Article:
Driving a car barefoot is unusual and many think that this behavior is unsafe. Yet, although people may assume it is illegal to drive a vehicle barefoot, none of the fifty states prohibits barefoot operation of a motor vehicle.
In the 1990s, a researcher at the University of Illinois Urbana Champaign, Jason R. Heimbaugh, sent letters to all fifty states inquiring about the legality of barefoot driving. His research revealed that no states explicitly prohibit driving a car barefoot. There was a widespread myth that barefoot driving was illegal in Kentucky, which turned out to be false. Like the laws of the other states, Kentucky law does not bar people from driving a car with bare feet.
In Alabama, it is legal to operate a motor vehicle without footwear, except motorcycles. Many other states—including Indiana, Iowa, Missouri, Ohio, and Wyoming–allow barefoot driving but do not recommend it. Barefoot driving is also permitted in the District of Columbia and the American Territories: American Samoa, Puerto Rico, and the Virgin Islands.
Even though barefoot driving is not technically illegal in any state, a person who drives barefoot could be charged with a crime under certain circumstances. If the law enforcement officer perceives the driving behavior as particularly careless, then the driver could face charges of reckless driving.
Reckless driving involves operating a vehicle with a willful or wanton disregard for the safety of others or a willful disregard for the consequences of operating the vehicle. In many cases, people face reckless driving charges following an accident that has harmed people or damaged property. For a person to be charged with reckless driving, their conduct must extend beyond mere negligence. Rather than making a mistake, the driver must have willfully disregarded others’ safety.
Reckless driving is a serious offense. More severe than a typical traffic infraction, reckless driving is typically charged as a misdemeanor offense. The punishment for reckless driving offenses varies by state but typically includes a fine and a potential term of imprisonment for up to one year. For example, in Alabama, the penalty for the first conviction of reckless driving is five to 90 days of jail time and a fine between $25 and $500. A conviction of reckless driving could also result in the suspension of the offending driver’s license. In Arizona, the court can order a suspension of the driver’s license for up to 90 days.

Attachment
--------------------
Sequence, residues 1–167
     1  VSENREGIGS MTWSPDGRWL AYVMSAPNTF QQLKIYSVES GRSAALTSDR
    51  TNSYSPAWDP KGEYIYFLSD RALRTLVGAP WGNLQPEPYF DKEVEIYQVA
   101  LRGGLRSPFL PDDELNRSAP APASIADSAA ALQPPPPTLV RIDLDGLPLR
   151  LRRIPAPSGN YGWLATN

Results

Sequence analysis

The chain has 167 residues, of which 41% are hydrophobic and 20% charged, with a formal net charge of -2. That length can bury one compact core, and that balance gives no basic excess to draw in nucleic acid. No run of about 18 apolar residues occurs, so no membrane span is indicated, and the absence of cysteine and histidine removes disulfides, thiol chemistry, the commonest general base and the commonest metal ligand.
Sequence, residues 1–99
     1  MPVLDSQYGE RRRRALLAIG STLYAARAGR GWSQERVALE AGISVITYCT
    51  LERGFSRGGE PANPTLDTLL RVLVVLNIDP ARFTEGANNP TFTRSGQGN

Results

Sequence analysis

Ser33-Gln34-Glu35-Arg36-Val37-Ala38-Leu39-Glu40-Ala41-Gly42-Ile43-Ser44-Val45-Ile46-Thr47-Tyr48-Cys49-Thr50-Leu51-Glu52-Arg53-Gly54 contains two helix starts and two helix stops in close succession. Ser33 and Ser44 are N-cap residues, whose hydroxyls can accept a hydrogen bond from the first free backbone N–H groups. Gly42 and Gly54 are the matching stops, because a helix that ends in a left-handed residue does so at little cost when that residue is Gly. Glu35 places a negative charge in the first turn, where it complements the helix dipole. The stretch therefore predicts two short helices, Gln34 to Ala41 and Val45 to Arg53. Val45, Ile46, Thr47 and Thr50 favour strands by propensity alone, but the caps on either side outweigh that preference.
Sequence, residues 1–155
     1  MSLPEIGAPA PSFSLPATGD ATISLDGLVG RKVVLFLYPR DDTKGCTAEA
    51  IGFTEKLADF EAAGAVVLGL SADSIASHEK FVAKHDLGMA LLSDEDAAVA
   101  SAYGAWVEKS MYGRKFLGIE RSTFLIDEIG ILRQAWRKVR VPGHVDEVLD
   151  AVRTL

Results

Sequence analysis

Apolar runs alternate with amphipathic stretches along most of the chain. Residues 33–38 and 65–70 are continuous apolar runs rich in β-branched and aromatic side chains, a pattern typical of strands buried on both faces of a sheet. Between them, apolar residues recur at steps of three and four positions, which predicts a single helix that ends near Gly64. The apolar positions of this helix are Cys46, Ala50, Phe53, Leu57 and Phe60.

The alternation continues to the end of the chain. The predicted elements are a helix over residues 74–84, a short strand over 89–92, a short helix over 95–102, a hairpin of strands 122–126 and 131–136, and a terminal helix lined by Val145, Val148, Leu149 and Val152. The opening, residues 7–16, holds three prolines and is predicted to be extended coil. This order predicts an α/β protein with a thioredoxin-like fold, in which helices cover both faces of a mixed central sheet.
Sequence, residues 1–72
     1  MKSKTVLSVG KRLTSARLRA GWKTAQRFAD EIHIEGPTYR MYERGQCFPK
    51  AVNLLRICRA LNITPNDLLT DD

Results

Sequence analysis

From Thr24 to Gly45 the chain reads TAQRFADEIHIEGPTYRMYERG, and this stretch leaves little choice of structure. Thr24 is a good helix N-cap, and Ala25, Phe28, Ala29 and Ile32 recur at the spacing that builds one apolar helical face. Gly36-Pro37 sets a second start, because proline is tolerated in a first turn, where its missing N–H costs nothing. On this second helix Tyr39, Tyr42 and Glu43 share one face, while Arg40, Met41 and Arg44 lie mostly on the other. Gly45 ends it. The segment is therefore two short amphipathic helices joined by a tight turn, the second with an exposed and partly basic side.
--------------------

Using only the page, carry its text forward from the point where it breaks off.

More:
Whether a person could be charged with reckless driving depends on the circumstances of any given situation in question. For example, an individual who is driving barefoot, intoxicated, and speeding might face reckless driving charges. The barefoot state of the driver could underscore the carelessness of the driver’s actions, as the driver did not bother to put on shoes before taking to the road. It could also serve as evidence of the driver’s intoxication.
A barefoot person driving slowly down a quiet neighborhood street is less likely to face reckless driving charges than someone speeding barefoot through a congested area. In some cases, driving barefoot may be safer than operating a vehicle with flip-flops. If a person only has flip-flops and needs to drive, it could be more prudent to take off the flip-flops and proceed barefoot. People who cause accidents when their flip-flops slip on the car’s pedals could also face reckless driving charges. Although the states do not prohibit driving barefoot, for all the reasons discussed above and more, wearing proper footwear is generally a good idea when operating a vehicle.
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